The opinion of the court was delivered by: Dora L. Irizarry, United States District Judge:
Pro se petitioner Scott Jackson ("Petitioner") currently incarcerated at the Metropolitan Detention Center ("MDC"), a federal facility in Brooklyn, New York, brings this habeas corpus petition pursuant to 28 U.S.C. § 2241 seeking immediate release because the United States District Court for the Northern District of New York ("NDNY") allegedly failed to credit sixteen months he served in confinement for civil contempt against the thirty-month criminal sentence he is currently serving. (See Docket Entry No. 1, Habeas Petition ("Pet.") at 3, 5.) Respondent argues the petition should be dismissed as procedurally deficient or, in the alternative, denied on the merits.
For the reasons set forth below and in light of Petitioner's pro se status, the petition is construed as a challenge under 28 U.S.C. § 2255 and is transferred to the NDNY, so that the petition may properly be brought before "the court which imposed the sentence." See 28 U.S.C. § 2255(a).
On March 6, 2009, Petitioner pled guilty in the NDNY to one count of conspiracy to distribute and possess with intent to distribute marijuana in violation of 21 U.S.C. § 846.
(See 08-CR-326 (NDNY), Docket Entry No. 70.) On July 10, 2009, Petitioner was sentenced to a term of imprisonment of thirty months and a term of supervised release of forty-eight months. (See id., Docket Entry No. 78.) On October 14, 2009, Petitioner was granted immunity and ordered to testify before a federal grand jury in a matter related to his criminal conviction. (See Exh. C, attached toGovernment's Response in Opposition ("Gov't Rep.").) On December 2, 2009, Petitioner appeared before the grand jury but refused to testify. Accordingly, on that same date, the Honorable David N. Hurd, United States District Judge for the NDNY, held Petitioner in civil contempt pursuant to 28 U.S.C. § 1826(a), and ordered Petitioner confined by the United States Bureau of Prisons ("BOP") until the first of the following events occurred:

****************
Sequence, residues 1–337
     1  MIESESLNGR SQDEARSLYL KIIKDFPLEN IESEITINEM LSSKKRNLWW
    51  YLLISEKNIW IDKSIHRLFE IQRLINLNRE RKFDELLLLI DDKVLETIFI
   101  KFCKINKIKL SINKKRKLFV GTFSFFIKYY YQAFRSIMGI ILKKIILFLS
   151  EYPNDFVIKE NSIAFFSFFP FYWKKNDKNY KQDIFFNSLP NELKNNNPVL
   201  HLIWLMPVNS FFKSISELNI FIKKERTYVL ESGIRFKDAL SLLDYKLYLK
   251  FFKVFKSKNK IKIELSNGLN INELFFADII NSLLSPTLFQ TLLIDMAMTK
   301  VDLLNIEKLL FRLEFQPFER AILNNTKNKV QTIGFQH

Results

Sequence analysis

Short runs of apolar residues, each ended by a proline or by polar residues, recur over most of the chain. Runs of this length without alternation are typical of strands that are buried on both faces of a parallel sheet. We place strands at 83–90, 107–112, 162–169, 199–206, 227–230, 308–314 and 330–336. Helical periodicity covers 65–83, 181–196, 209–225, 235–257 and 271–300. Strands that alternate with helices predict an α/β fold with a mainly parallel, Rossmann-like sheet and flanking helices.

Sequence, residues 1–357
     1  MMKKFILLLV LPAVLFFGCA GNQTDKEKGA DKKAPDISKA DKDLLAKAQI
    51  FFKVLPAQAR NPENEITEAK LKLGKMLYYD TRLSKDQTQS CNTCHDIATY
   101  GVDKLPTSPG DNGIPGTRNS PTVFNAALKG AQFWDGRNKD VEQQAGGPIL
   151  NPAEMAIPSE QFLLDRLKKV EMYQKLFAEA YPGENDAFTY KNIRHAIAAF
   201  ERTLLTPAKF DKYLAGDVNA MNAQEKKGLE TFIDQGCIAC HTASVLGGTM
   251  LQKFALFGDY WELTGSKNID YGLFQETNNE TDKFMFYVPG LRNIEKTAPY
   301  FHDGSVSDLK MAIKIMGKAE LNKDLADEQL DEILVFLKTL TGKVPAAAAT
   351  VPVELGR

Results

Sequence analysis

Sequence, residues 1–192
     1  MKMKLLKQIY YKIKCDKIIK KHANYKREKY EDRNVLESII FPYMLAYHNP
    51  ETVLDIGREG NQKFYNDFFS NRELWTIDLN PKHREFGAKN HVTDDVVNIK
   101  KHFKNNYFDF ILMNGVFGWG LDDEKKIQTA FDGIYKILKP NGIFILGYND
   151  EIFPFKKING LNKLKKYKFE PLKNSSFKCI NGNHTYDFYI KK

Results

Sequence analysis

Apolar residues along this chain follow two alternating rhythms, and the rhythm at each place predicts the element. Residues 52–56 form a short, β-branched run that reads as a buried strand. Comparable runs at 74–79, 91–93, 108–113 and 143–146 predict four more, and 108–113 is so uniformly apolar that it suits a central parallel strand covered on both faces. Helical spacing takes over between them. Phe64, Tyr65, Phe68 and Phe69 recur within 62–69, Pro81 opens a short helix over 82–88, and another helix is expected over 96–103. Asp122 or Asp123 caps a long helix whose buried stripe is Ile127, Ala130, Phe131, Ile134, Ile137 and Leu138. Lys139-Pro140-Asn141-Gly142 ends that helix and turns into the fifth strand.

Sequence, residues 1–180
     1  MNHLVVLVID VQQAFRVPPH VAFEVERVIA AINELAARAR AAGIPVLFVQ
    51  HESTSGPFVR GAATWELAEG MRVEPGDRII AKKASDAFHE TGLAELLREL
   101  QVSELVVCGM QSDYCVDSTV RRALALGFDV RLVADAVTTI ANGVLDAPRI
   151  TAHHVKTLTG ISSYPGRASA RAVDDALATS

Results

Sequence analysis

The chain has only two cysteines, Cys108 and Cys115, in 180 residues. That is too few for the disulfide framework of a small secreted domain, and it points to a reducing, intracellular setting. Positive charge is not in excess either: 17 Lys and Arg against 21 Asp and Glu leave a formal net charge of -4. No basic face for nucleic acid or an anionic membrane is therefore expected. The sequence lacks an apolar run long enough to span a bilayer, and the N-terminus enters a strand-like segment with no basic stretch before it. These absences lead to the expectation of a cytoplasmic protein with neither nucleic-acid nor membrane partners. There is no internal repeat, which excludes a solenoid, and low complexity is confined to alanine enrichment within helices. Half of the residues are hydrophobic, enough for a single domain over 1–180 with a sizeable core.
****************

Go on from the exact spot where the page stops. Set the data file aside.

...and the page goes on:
1) Petitioner complied with his legal obligation to testify; 2) the term of the grand jury expired; or 3) eighteen months had elapsed. (See Exh. E, attached to Gov't Rep.) Further, the court ordered Petitioner's criminal sentence stayed and directed the BOP to delay and suspend any credit Petitioner was to receive toward service of his criminal sentence for the duration of the civil contempt commitment. (See id.)
On April 15, 2011, after approximately sixteen months, the court terminated the contempt citation against Petitioner and directed the BOP not to credit the time Petitioner served between December 2, 2009 and April 15, 2011 toward Petitioner's criminal sentence. (See Exh. G, attached to Gov't Rep.) On June 21, 2011, Petitioner filed this habeas petition, seeking immediate release pursuant to 28 U.S.C. § 2241 on the ground that the NDNY court allegedly violated his constitutional rights by not crediting the sixteen months he served for civil contempt towards the thirty-month term of imprisonment that Petitioner is currently serving. (Pet. at 3.)